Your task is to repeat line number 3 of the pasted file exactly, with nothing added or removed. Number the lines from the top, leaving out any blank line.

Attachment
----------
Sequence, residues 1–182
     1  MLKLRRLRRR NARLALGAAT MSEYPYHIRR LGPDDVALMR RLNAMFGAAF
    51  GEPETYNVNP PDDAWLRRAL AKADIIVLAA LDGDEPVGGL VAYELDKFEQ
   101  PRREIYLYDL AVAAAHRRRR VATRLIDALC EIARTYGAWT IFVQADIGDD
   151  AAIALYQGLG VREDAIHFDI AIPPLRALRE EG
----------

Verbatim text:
    51  GEPETYNVNP PDDAWLRRAL AKADIIVLAA LDGDEPVGGL VAYELDKFEQ